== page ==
Books for kids...

Cruel Heart Broken by Emma Haughton (Usborne, €8.40)
We get straight into the story when heroine Laurie tells us that she is a murderer. 

From there, the story proceeds on two time levels, the then and the now, as we find out the tangled relationships around which the action circles.

Laurie seemed to have everything going for her, perfectly respectable parents, top class school and loads of ambition. 

But nothing lasts. Laurie’s sister Katie is now hooked up with Laurie’s former boyfriend, Charlie. 

Charlie’s mother is involved with a popular teacher, Mr Rochester, who he claims assaulted him at school. 

His son, Tom Rochester, is devastated by Charlie’s accusations.

And so the plot twists and turns round the actions and reactions of the friends. Luckily for Laurie, she has a faithful ally in Maya who urges her to confide in her and do the right thing. 

But what is the right thing? 

This is an issue-laden book which successfully charts the pain of growing up, where wrong decisions, not necessarily by the youngsters, can have lasting and devastating consequences. 

Suitable for age 16 and upwards.

What Do Grown-Ups Do All Day? By Virginia Morgand (Wide Eyed, €17.80)

This fine volume will help parents answer the myriad of questions asked by five and six year olds- and maybe at the same time inspire them to become teachers, farmers, hoteliers, or doctors.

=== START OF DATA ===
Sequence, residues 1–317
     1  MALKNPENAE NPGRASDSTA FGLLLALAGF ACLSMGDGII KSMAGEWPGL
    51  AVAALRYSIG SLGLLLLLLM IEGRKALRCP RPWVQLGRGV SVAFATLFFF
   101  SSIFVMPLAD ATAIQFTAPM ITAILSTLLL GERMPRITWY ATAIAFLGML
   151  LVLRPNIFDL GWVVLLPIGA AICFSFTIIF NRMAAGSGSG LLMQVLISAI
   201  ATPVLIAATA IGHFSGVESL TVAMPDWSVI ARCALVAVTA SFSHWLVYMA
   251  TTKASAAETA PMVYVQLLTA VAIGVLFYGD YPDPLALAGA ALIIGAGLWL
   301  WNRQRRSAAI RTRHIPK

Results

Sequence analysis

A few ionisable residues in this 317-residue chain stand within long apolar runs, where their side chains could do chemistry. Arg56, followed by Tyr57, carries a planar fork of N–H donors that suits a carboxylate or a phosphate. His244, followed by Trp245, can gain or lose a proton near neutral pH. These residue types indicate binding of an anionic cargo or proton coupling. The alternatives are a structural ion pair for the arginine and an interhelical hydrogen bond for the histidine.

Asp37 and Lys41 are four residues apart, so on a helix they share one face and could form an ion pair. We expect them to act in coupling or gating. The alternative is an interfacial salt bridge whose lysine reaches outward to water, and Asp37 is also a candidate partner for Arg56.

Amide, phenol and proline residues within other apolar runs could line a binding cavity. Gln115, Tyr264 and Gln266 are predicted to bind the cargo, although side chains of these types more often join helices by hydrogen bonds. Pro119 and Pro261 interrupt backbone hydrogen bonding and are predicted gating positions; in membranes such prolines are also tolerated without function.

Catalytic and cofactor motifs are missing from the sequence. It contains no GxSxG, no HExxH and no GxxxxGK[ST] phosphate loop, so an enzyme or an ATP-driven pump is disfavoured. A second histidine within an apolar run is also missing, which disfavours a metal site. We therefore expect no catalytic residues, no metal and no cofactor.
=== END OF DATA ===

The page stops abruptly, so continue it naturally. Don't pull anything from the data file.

Books for kids...

It must be a continuous puzzle to the very young why so many adults leave home most mornings not to be seen again for eight hours or so. Now they know. 

The book has a winning formula, 14 different workplaces, both indoor and outdoors, are featured on double-page spreads to be followed by short comments from eight different workers who explain their various functions.

In the newsroom, for instance, producer, news anchor, reporter, meteorologist, camera operator, editor and digital editor explain their roles.

A strong selling point will be the colourful array of characters from different races and genders without a hint of stereotyping. Suitable for age five and upwards.


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